Thursday, October 23, 2008

Japanese Beading Book

This is the cover of a Japanese beading book. At the beginning, there is a gallery of colored pictures of flowers and bouquets. The interesting thing about this book, though, is that it includes a few pictures of non-flower things which are made using French beading. To give you an idea of what is possible, I've included those pictures which illustrate this. The pictures have very high resolution (so you can really see the details) and therefore will take some time to download. The patterns in the book are black and white and are for rather basic flowers and do not contain any instructions for most of the flowers showcased.

Wednesday, October 22, 2008

New Pears

First, I would to apologize for not updating for so long. If anyone is still reading, thank you.
So, here we have two new pears. They were an experiment to see if I could make self-supporting 3D French beaded objects. As it turns out, it is possible, since both of the above examples are completely hollow and do not have any solid form beneath the beads, unlike the first pear I made.
The process to make them is the same as the first one; I used a light air-drying compound similar to Crayola Model Magic to make the pear shape. The pear on the right is made by beading around the shape using the basic frame (24 gauge wire; 2-bead basic). The one on the right is made crossing 2 24-gauge wires (to make a cross frame) and then beading around the frame using 26-gauge wire. After the pear is beaded, the hardest part of the process is removing the form from inside. I did this by sticking needle-nosed pliers into the small opening I left at the top and pulling out bits and pieces of the modeling compound. This was very time consuming, but I eventually finished, and there they are!
The two pears were made differently because I was worried about their stability after I removed the support. As it turns out, the pear on the right is rather flimsy. Even though I laced the sides that were seamless, it is still rather fragile. It holds its shape, but it can still get deformed fairly easily under stress (i.e., if one picks it up and plays with it).
The pear on the right is much more stable. Even though the wire with the beads is 26-gauge, because it was built on a 4-spoke frame, it can hold its shape under mild stress. Even so, it's not quite as stable as I would have liked.
I am working on another pear right now which is made from a quadruple basic frame using 24-gauge wire. So far, it seems to be the most stable!

Saturday, March 31, 2007

Stocking Orchid

A little pink orchid from my imagination =) The petals are all made by making a wire loop and then covering the loop with pink stocking. The middle petal uses a coil loop before covering. The three outer petals are outlined with pink glitter glue, while the two middle petals are highlighted with white glitter glue.
Stocking flowers are very easy to make and can be lovely fillers in a beaded flower bouquet.
To see some gorgeous arrangements of flowers made like this please see Flowers of Thailand.

Netted Rose

This little netted rose is made from size 11 seed beads and a thin nylon line (like that used in fishing). The pattern comes from the Russian magazine Wonderful Instants (Vol. 3 Issue 19). This bead journal is quite nice and issues may occasionally be available on e-Bay. The patterns have many clear pictures and the details are written in Russian. This is one component of a lovely beaded necklace.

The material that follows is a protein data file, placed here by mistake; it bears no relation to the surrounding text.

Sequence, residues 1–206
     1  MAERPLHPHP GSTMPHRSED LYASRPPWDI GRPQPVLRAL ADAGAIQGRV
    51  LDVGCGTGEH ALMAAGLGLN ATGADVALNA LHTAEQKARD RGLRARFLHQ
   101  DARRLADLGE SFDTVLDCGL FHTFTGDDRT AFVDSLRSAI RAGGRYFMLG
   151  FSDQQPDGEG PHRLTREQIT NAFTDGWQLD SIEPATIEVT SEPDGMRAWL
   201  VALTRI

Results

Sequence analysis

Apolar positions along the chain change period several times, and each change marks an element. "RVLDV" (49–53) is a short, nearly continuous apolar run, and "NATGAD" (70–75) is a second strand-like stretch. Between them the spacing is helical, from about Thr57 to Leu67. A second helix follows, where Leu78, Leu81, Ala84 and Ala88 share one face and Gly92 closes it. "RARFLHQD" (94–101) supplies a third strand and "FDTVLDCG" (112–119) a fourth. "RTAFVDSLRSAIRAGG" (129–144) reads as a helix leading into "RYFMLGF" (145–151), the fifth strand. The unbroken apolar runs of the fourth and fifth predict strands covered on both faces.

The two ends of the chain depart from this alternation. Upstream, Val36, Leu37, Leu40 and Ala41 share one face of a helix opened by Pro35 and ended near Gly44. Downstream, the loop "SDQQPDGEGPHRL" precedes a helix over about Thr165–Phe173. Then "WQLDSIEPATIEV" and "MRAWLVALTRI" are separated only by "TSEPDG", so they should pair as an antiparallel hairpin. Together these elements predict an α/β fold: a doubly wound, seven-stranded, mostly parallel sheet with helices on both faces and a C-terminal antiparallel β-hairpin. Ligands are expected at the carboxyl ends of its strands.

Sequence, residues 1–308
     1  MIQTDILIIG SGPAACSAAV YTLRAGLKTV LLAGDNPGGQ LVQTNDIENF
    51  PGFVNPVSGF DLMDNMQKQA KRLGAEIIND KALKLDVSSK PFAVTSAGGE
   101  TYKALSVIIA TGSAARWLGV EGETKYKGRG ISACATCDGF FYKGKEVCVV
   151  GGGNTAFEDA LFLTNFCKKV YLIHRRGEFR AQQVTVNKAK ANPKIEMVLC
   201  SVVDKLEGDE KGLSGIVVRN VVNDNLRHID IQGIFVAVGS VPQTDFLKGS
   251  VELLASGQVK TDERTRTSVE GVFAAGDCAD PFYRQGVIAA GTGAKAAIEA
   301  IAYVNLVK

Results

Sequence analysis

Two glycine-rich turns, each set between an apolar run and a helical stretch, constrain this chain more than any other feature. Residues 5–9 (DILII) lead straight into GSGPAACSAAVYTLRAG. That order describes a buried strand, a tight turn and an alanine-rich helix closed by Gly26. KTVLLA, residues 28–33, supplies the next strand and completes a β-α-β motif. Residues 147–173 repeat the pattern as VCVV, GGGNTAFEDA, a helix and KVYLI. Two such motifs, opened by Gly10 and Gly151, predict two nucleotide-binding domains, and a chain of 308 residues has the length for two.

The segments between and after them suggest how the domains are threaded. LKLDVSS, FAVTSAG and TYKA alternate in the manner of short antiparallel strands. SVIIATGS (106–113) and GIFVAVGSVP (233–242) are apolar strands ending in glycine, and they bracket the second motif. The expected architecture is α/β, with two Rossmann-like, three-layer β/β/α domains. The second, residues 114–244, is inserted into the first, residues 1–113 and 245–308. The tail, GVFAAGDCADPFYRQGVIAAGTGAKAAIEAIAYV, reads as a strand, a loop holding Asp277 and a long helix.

By making this project, I realized that the nylon line isn't very good for off-loom stitches. It is strong, but not flexible like regular thread. The best thread to use is Silamide, which is also made of nylon, but it is thin, flexible, and available in many colors.


This angel is made of teal half-bugle beads. The pattern is from Flower Beading French Technique Book 2 by Bobbe Anderson. I used a small Styrofoam ball for the head instead of a wooden bead as is suggested in the pattern. This is a really nice, simple project.

Sunday, February 25, 2007

French Beaded Pear

This French beaded pear is a little smaller than 2 1/2 inches (~6.25 cm). I wanted to see if it was possible to make one without a form inside it; however, I wasn't able to get the right shape. I finally decided to go and buy a Styrofoam pear, but I couldn't find any that were small enough. Instead, I used a modeling material called Model Magic by Crayola out of which I made a pear shape. This material is very good for this sort of thing because it air dries quickly (about 1 day) and it remains lightweight and somewhat soft after drying.
I then followed the general instructions from the Bobbie Anderson book I mentioned last post: using a two bead basic and wrapping around the bottom loop and top loop (I made a loop in place of the top basic wire). I didn't use any glue though because it changed the color of my beads slightly. Since they aren't glued down, some of the rows are a little bit off and don't stay in place. I think this can be avoided if the rows are wrapped tightly.

Sunday, February 11, 2007

Unfinished Strawberries

I don't normally post pictures of unfinished projects, but I'm not sure when I'll be able to finish the strawberry plant I've been working on. The strawberries are based on Virginia Nathanson's strawberries from New Patterns for Bead Flowers and Decorations. All strawberries have a two bead basic are made using the cup technique. They are all made free form because I didn't like the size and shape of the pattern in the book. Also, there is no support shape within them.